Toshi, left, and Tosh Okamoto at the Nikkei Manor. • Courtesy Photo

Tosh Okamoto, a dedicated soldier for the entire Japanese American community and lifelong community activist, passed away on May 19, 2018. The International Examiner presented Tosh with a Lifetime Achievement award at its 2011 Community Voice Award annual banquet. IE board member Gary Iwamoto interviewed Tosh and wrote about his life in the article that follows.

Toshikazu Okamoto is a Nisei (second generation Japanese American) veteran and proud of it.

He has served our country and our community with distinction. Like most Japanese Americans, “Tosh” was sent to an internment camp during World War II. But ironically, the same government who questioned the loyalty of Okamoto and other Japanese Americans by sending them to internment camps decided that Tosh was loyal enough to be drafted into military service. At the age of 17, he joined the all Nisei 442nd Regimental Unit and was stationed in Italy toward the end of the war.

When the war ended, Tosh went to Edison Technical School to learn the skills to be an auto mechanic. But Tosh couldn’t find a job because the auto shops would only hire union mechanics. The union wouldn’t accept him, telling him that the waiting list to join the union was too long to get a job immediately. He knew this was a lie because the white students in his program found jobs easily. He eventually found a job with the Seattle Fire Department where he worked for 32 years, ultimately ending up as a supervisor in charge of vehicle maintenance.

In 1971, Tosh was serving as the Commander of the Nisei Vets Committee. As part of his duties, Tosh visited Isseis (first generation Japanese Americans) living in a nursing home, who had lost sons in the course of military service, called “Gold Star Parents”. Tosh happened to visit an elderly Issei man who was living in a nursing home on Seattle’s First Hill. The son of that Issei resident came up to Tosh and asked him for change. Tosh was told that the staff would only respond to a patient pushing the call button if they had change in their hand; otherwise they would be ignored.

Tosh was upset at the treatment of that “Gold Star” father, the father of a Nisei veteran who died in the war. At about the same time, a Japanese boarding house was closing. Tosh saw that the safety net for the Issei elderly was disappearing. Aging Issei had nowhere to go to receive culturally sensitive nursing care. Tosh shared these observations with Tomio Moriguchi and both men decided that it was imperative to create a nursing home environment which could meet the needs of Isseis.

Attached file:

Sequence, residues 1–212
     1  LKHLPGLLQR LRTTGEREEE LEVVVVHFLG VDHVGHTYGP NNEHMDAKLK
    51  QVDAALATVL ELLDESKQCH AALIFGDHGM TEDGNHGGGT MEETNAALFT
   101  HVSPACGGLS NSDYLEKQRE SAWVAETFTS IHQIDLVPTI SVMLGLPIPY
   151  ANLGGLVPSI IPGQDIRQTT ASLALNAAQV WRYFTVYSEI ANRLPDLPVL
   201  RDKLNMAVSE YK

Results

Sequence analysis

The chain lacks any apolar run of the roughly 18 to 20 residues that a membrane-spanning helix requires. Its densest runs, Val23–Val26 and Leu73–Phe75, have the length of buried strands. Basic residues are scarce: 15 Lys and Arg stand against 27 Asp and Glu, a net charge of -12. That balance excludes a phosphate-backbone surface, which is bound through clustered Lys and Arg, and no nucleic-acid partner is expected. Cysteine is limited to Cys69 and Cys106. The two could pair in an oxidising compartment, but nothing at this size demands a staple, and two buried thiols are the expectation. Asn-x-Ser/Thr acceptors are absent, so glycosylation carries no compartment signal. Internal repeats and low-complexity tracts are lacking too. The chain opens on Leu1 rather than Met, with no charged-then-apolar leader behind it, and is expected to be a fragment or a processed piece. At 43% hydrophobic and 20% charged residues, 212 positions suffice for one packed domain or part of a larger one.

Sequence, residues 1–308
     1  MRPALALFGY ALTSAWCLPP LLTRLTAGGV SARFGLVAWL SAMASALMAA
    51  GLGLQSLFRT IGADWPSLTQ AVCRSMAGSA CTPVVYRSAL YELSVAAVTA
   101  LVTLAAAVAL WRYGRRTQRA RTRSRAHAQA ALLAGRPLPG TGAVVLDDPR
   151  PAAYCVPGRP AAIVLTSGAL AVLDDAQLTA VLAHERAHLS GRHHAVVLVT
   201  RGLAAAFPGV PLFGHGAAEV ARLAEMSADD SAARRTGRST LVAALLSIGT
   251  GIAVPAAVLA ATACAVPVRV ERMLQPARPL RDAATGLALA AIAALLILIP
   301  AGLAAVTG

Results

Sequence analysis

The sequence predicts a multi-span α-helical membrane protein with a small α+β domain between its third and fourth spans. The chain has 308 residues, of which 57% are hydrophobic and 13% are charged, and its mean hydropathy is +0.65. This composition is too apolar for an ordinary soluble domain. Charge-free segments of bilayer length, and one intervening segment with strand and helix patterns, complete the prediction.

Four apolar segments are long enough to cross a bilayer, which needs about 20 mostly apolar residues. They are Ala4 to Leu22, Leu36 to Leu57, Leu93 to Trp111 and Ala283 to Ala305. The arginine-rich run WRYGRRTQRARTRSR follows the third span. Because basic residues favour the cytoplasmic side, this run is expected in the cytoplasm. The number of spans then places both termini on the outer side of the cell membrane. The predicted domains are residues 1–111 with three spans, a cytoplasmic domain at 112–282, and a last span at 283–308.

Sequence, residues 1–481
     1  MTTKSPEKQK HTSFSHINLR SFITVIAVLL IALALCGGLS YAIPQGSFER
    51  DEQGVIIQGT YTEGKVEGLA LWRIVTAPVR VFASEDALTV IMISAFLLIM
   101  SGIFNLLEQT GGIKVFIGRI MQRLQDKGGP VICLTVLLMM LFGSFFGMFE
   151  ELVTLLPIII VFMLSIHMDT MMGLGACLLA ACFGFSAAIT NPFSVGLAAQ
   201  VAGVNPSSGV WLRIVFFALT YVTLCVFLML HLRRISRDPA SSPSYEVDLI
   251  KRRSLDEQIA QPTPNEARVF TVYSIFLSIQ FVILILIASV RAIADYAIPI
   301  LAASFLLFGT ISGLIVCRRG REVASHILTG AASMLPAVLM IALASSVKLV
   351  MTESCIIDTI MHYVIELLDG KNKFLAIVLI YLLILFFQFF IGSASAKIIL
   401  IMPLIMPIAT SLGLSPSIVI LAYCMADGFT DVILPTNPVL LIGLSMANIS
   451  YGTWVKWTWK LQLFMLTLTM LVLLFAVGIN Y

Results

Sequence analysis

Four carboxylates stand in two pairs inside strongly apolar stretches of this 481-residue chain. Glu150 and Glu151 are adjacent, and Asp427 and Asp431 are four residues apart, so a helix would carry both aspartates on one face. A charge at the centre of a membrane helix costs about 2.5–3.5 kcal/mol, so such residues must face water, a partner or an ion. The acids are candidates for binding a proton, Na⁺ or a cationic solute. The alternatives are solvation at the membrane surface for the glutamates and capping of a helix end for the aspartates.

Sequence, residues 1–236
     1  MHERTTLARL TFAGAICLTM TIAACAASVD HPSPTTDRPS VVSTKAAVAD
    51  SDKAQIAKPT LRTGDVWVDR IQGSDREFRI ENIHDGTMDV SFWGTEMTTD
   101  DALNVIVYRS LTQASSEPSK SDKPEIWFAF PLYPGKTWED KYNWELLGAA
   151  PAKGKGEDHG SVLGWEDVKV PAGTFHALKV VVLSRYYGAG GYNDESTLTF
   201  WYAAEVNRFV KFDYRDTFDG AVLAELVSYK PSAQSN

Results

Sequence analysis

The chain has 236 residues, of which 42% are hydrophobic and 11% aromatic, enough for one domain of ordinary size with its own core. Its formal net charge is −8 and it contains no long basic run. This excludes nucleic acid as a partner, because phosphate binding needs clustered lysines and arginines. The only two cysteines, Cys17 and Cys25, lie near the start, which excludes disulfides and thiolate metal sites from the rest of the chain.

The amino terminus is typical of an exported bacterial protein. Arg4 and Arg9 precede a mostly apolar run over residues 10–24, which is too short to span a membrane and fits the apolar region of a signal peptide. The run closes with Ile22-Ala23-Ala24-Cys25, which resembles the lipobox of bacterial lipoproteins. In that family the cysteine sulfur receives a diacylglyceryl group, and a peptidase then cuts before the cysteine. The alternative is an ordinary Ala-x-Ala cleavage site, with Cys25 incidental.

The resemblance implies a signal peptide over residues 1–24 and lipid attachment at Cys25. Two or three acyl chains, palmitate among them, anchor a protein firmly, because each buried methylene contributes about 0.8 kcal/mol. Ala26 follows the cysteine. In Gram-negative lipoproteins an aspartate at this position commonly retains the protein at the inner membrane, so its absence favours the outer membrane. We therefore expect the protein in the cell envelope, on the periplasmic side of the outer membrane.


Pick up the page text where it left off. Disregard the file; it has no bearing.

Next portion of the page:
Tosh and Tomio, along with Glen Akai, Harry Kadoshima, Sally Kazama, Fred Takeyasu, and Henry Miyatake, – the “Magnificent Seven” – formed Issei Concerns (later Nikkei Concerns) in 1975. Their initial goal was to develop a nursing home to meet the cultural, social, language and dietary needs of elderly Nikkei. Of course, no one had the expertise to create a nursing home. But coincidentally, Tosh’s eldest daughter, Joyce, had just started working at the Keiro Nursing Home in Los Angeles. Through Joyce’s connections, Edwin Hiroto, the Director of Keiro, came to Seattle who advised the seven to mobilize the Japanese American community.

The group started a community-wide funding campaign. A site and facility were found at the old Mt. Baker convalescent center. In 1976, Seattle Keiro Nursing home opened its doors and it wasn’t long before the nursing home outgrew its limited space. In 1985, when Tosh served as President of the Board, Nikkei Concerns embarked on its second major fundraising effort for a new $6.6 million, 150-bed facility. On May 6, 1986, the new Seattle Keiro broke ground at 16th Avenue and Yesler Way and opened one year later. Today, Nikkei Concerns serves our community through its four programs: Seattle Keiro, Nikkei Manor, Kokoro Kai and Nikkei Horizons. And Tosh is still involved after 35 years with Nikkei Concerns, serving on its advisory board.

While his work with the Keiro Nursing Home is Tosh’s proudest achievement, his contributions to the community don’t stop there. He has served on the board of the Kawabe Memorial House, including terms as President and Vice President, since 1987. He helped found the Meiji Kai Senior Lunch Program which served Issei at Nisei Veteran’s Hall for years. He served as a community advisor for the Kame Project (dementia research of Japanese Americans) and Japanese American Community Diabetes Study. He helped establish the National Japanese American Memorial to Patriotism in Washington DC and was the funding co-chair for the Pacific Northwest which raised more than $1.6 million for the Memorial. He has been a long-time member, past Commander, and current Executive Board member for the Nisei Veterans Committee. And at the age of 84, Tosh shows no signs of stopping.

Tosh has been married for more than sixty years to Toshiko. He is the proud father of four children, Joyce, Susan, John, and Sheila, and grandfather to nine grandchildren. Long-time friend and collaborator Tomio Moriguchi said, “Tosh as a World War II veteran, is a great, caring, outstanding provider of quality of value and life for his whole immediate and extended family. A person that has been able to extend these values to his community.”

A public celebration will be held on September 22, 2018, 2:00 PM, at the Blaine Memorial Methodist Church, 3001 24th Avenue South, Seattle, Washington. In lieu of flowers, gifts can be made to: Blaine Memorial United Methodist Church, Nisei Veterans Committee, and Keiro Northwest.

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